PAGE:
Levels in the Great Salt Lake continue to drop to new historic lows, according to the Utah Department of Natural Resources.
As of July 3, the average daily surface water elevation dropped to 4,190.1 feet. That is about an inch lower than the previous record in October 2021 of 4,190.2 feet. Measurements have been recorded since 1847, showing an 11-foot decline of the lake over the years.
"This is not the type of record we like to break," Utah Department of Natural Resources Executive Director Joel Ferry said in a statement. "Urgent action is needed to help protect and preserve this critical resource. It’s clear the lake is in trouble. We recognize more action and resources are needed, and we are actively working with the many stakeholders who value the lake."
Based on historical data, the levels will likely continue to drop into the fall and winter months.
The Great Salt Lake depends on snowmelt runoff. According to the Utah Rivers Council, warming air temperatures will have a catastrophic impact, resulting in more rain and less snow in the mountains, disrupting the snowpack runoff that provides 80% of the Wasatch Front's water.
The 75-mile-long saltwater lake is located in two Utah State Parks, Antelope Island and Great Salt Lake state parks, and is a popular boating and recreational area. The lake provides $1.3 billion annually to Utah's economy for brine shrimp, mineral extraction and recreation.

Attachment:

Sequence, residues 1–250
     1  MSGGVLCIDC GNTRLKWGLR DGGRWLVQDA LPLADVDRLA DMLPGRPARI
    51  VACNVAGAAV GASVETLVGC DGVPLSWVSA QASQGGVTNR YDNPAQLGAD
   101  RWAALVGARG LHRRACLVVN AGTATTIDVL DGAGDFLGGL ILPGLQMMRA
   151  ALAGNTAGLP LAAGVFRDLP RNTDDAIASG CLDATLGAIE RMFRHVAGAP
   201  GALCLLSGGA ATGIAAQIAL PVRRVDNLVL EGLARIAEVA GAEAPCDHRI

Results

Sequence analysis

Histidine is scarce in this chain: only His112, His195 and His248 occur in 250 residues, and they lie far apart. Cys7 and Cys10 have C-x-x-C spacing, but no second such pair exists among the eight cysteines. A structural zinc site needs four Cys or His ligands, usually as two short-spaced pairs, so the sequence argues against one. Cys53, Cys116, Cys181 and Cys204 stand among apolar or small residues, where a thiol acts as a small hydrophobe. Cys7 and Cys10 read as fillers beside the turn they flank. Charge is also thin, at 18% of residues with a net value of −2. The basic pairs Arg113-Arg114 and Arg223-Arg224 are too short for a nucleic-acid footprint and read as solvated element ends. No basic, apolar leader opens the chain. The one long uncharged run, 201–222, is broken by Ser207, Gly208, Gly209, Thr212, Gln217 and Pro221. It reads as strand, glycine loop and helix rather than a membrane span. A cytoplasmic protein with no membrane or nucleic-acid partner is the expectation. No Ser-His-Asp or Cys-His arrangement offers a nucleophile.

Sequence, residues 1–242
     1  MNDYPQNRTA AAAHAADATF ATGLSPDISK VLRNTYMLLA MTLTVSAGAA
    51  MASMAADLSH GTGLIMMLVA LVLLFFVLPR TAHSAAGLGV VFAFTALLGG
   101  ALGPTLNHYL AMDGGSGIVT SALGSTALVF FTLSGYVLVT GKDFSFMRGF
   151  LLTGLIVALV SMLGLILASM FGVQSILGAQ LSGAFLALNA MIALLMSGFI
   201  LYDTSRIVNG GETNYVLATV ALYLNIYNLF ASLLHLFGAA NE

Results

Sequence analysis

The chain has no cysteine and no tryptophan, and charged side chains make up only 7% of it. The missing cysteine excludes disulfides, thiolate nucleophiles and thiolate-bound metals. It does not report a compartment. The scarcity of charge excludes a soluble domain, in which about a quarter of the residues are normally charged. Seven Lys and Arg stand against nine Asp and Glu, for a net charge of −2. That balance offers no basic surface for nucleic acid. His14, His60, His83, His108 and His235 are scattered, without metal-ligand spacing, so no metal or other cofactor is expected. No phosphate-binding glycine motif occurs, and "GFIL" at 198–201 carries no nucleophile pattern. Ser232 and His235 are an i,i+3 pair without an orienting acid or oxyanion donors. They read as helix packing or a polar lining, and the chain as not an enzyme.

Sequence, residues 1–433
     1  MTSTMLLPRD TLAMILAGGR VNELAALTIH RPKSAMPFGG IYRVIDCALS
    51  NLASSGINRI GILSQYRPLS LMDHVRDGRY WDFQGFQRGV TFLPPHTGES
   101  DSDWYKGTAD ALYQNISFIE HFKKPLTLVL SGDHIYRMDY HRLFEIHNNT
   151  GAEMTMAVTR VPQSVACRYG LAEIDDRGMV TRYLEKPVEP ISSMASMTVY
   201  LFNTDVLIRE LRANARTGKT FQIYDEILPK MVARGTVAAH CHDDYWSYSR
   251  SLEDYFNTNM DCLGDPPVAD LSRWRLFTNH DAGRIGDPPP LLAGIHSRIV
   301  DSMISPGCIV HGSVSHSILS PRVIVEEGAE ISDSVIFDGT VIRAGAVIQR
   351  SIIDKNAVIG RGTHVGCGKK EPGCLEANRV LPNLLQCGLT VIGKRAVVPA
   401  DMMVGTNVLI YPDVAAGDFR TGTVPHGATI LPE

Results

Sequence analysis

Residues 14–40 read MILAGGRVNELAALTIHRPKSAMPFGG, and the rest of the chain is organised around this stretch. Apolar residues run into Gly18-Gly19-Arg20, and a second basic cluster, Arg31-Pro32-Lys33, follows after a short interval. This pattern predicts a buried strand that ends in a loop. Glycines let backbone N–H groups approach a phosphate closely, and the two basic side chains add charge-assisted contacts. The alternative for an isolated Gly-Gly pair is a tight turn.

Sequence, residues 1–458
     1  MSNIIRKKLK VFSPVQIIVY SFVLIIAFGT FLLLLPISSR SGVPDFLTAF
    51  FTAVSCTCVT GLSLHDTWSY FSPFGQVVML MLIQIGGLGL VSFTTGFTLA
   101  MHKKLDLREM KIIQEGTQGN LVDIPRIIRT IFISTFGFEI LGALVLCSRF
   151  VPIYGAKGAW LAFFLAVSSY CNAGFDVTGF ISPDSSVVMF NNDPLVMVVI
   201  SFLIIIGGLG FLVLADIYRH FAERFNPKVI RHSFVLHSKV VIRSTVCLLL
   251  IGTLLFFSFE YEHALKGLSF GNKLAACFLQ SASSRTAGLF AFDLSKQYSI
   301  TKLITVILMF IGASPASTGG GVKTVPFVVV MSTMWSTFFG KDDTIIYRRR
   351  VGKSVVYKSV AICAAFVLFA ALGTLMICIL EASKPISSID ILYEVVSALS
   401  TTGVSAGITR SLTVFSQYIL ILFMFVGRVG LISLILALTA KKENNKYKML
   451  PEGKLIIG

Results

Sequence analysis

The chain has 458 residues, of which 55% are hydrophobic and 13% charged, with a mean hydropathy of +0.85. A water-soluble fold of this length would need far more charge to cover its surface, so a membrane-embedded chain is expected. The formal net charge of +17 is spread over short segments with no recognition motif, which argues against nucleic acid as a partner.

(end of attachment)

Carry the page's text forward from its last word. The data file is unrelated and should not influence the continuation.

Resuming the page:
According to Utah State Parks, many water levels at state parks are experiencing extreme lows, forcing boat ramps to close. The Antelope Island State Park main ramp is currently closed, and the Great Salt Lake Marina main ramp may be at risk of closing soon.
The Great Salt Lake is also home to a diverse biological system that supports birds, wetlands and other wildlife. According to the Friends of Great Salt Lake, 75% of Utah's wetlands are located in the lake's ecosystem.
Researchers from Utah State University say water use and climatic fluctuations have impacted the lake's levels since the 19th century.
According to the U.S. Drought Monitor, much of Utah remains in severe to extreme drought, including the area surrounding the lake.
Not only do lower lake levels impact wildlife, but it also increases dust pollution as more toxins are exposed and carried to nearby populations.
FOX 13 Salt Lake reports environmental groups, like the Friends of Great Salt Lake, hope the news of the lake's new record low is a call to action.
"Many people have been in somewhat denial about it, but it’s time to own up to where we are," Lynn de Freitas, Friends of Great Salt Lake executive director, told FOX 13.
Environmental groups and Utah government officials say water conservation is the best thing anyone can do for the lake, including cutting back or eliminating outdoor watering.
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